What Non-Fiction Are You Reading in March, 2018?

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What Non-Fiction Are You Reading in March, 2018?

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2LyzzyBee
Mar 6, 2018, 4:12am

I've just finished Rise Up, Women! which is more of a resource than a fun read but so well-researched and detailed on the lives of the suffragettes.

3SChant
Mar 6, 2018, 5:59am

>2 LyzzyBee: I'm doing a display at my local library for the anniversary of (limited) Women's Suffrage in the UK and this is one of the books I'm using.

4LyzzyBee
Mar 6, 2018, 6:30am

>3 SChant: Oh, brilliant! It's such a good book to be a library resource, so well done. I remember when I turned 30 and owned property thinking, crikey, my ability to vote is 10 years older now!

5.Monkey.
Mar 6, 2018, 6:36am

I've just started on Che Guevara: a revolutionary life.

6Sandydog1
Mar 6, 2018, 8:03pm

Devouring The Bad-ass Librarians of Timbuktu. It is awesome, and very similar to Outwitting History. But Mali is indeed a bit uhm sportier than suburban Long Island, I'm sure...

8jackofquills
Mar 9, 2018, 8:06pm

I'm reading Evil: Inside Human Violence and Cruelty by Roy F. Baumeister Ph. D.. It's been interesting thus far, with a lot to think about, but there's an odd lack of nuance to some aspects of the book. I've also encountered a couple of frustrating asides to the author's personal dislike/distrust of identity politics that really don't have any place in a text that's touted as pure, evidence-based psychology.

9LyzzyBee
Mar 11, 2018, 11:02am

I'm reading Bruce Springsteen's autobiography, Born to Run, which is very clearly written directly by him and very open and raw - very enjoyable so far.

10nrmay
Editado: Mar 11, 2018, 2:20pm

I'm reading The unwomanly face of war: an oral history of women in World War II by Alexievich.
Recommended by another LT reader.

11SChant
Mar 12, 2018, 5:19am

>10 nrmay: I've got this on my wishlist. Would be interested to hear what you think.

12Jesse_Schriever
Mar 12, 2018, 11:36pm

Got done with From Eternity to Here, by: Sean Carroll. It was pretty good, it was on the ultimate theory of time & space, as well as many other factors as to why the universe is what it is. Wasn't exactly what I was looking for, but for what it was, it was an alright book.

13SChant
Mar 13, 2018, 6:38am

Started Elon Musk by Ashlee Vance. The man's a workaholic with an ego the size of a house but he's certainly driven the development of some fascinating technologies.

14LynnB
Mar 19, 2018, 4:16pm

15SChant
Editado: Mar 21, 2018, 9:08am

Just a few pages in to Govert Schilling's Ripples in Spacetime and I'm already enjoying it immensely. It's the story of the search for gravitational waves and what happens next. Fascinating stuff for a non-scientist.

16cindydavid4
Mar 21, 2018, 9:50am

I finished Hamilton: The Revolution and gotta say, loved the lyrics and notes, the photo, but was especially wowed by the articles. This is not just a history on how Hamilton got started and grew into a phenomenom, but its a master class on what goes into a production of any kind. Every cast member was spotlighted as well as the choreographer, stage manager, director, muscial director, producer, sets, just on and on. Nothing dry or boring here. Kudos to those who put this together, really rounds out my Hamilton experience this year.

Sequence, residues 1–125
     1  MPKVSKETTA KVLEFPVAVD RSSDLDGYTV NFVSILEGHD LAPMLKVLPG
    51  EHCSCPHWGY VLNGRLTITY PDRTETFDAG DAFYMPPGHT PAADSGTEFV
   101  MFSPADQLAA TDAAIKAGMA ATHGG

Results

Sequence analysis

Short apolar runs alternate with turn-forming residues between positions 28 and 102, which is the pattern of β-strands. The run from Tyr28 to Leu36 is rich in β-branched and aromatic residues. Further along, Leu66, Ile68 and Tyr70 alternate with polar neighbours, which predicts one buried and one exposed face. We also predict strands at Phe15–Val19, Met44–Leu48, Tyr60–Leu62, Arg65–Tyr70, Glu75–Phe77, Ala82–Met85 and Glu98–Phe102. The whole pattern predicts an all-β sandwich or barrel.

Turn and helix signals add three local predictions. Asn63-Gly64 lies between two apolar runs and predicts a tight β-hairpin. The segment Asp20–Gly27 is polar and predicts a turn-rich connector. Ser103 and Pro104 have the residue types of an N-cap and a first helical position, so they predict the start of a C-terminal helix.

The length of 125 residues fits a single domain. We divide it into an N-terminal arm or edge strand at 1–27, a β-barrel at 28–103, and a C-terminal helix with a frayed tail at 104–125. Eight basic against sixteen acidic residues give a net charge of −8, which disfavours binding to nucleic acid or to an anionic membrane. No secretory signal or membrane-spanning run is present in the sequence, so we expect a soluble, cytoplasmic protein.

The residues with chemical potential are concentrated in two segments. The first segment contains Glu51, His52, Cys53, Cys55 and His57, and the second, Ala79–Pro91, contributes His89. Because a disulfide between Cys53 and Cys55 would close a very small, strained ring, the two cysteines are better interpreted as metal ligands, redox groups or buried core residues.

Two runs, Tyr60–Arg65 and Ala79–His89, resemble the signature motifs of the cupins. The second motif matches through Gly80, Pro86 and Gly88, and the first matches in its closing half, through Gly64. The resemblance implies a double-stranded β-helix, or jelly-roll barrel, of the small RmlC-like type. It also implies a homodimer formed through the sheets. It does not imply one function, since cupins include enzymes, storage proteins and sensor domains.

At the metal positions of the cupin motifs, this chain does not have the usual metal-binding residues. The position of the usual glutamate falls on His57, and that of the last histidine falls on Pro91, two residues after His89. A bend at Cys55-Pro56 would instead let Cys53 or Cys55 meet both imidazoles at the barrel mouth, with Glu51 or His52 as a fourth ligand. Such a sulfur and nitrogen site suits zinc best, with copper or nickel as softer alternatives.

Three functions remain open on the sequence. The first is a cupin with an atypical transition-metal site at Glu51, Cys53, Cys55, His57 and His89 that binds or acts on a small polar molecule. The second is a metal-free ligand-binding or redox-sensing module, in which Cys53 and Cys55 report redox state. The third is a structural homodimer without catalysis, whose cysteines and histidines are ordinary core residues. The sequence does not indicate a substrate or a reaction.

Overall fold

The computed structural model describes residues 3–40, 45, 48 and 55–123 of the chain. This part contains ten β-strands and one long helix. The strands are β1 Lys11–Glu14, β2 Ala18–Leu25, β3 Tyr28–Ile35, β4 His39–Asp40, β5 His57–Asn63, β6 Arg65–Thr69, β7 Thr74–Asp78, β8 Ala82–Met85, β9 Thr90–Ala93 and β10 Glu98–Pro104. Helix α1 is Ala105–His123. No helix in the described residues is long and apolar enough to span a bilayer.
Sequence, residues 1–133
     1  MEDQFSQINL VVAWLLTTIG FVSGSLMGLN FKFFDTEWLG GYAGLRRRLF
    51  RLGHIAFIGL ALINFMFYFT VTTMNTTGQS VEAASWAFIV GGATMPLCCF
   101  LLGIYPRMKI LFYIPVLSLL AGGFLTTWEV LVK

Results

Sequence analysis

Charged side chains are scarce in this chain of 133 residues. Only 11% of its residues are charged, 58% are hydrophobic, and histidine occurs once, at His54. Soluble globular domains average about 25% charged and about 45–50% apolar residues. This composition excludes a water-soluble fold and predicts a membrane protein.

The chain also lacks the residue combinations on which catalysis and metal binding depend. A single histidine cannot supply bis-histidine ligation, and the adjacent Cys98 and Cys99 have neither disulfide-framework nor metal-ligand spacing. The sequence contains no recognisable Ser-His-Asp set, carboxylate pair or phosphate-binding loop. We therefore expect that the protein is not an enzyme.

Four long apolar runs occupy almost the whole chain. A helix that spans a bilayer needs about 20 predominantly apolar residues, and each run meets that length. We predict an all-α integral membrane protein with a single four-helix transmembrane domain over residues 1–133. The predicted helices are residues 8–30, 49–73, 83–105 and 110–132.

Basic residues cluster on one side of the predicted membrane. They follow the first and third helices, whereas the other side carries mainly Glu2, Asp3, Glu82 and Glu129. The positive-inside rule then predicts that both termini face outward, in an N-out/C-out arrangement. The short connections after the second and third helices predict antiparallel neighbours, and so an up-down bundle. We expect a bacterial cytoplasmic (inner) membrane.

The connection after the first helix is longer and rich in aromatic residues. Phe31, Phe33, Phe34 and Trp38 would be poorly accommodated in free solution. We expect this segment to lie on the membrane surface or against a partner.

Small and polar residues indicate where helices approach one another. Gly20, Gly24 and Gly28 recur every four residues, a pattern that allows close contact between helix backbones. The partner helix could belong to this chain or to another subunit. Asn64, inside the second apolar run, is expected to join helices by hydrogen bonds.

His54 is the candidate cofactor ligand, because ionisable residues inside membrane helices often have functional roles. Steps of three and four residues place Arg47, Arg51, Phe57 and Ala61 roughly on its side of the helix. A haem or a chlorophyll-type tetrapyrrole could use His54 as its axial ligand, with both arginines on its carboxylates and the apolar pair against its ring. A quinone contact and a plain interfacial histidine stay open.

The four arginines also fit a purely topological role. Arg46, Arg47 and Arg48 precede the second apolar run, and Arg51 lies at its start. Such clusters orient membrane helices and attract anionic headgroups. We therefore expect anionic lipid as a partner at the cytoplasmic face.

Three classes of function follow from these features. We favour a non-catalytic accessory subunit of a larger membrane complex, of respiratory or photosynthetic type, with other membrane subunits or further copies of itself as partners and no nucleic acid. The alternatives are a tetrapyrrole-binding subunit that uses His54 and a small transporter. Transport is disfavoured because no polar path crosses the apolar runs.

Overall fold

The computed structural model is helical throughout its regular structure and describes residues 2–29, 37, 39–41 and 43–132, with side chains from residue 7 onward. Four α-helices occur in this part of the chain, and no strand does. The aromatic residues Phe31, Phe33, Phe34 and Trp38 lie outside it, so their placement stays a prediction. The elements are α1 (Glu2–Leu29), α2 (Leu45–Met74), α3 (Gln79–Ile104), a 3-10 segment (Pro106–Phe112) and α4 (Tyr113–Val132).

17framboise
Editado: Mar 21, 2018, 11:09am

Reading The Bright Hour by Nina Riggs who wrote about the end of her life and leaving her young family as she lived with and died from breast cancer.

Also have started The Marriage Bureau, about a matchmaking agency in wartime London.

19Lyn5r
Mar 24, 2018, 2:49pm

Reading The Origins of the Civil Rights Movement, Black Communities Organizing for Change by Aldon D. Morris. Published in 1984, the book focuses on the years 1953 to 1963. It is informative and enlightening.

21Helenliz
Mar 26, 2018, 7:52am

I read The green road into the trees which should have been really good, and at its best was, but it was let down by quite a lot of dross. I can't recommend it.

22wester
Mar 26, 2018, 7:56am

>20 LynnB: I did half a coursera course based on that book. I don't quite remember why I broke it off. Interesting subject, definitely. What's the book like?

23LynnB
Editado: Mar 28, 2018, 1:31pm

wester, Internal Time was an interesting read and I learned quite a bit. Each chapter starts with a "short story" of a few paragraphs or a page which is used to illustrate the biological/scientific theories or facts that follow. Sometimes the stories were a bit too simplistic or far-fetched; sometimes the explanations were too complex for me to follow completely. But, overall worth reading.

24rocketjk
Mar 29, 2018, 4:42pm

I'm reading Cornelius Ryan's classic narrative history of D-Day, The Longest Day. I'm finding the book to be very readable and brings the battle into human perspective extremely well.

25Peter.S
Mar 29, 2018, 5:04pm

Catching Thunder, by Norwegian journalists Eskil Engdal and Kjetil Saeter; documenting Sea Shepherd's chase after a mafia run set of fishing trawlers poaching in conservation areas within the Antarctic. Highly recommended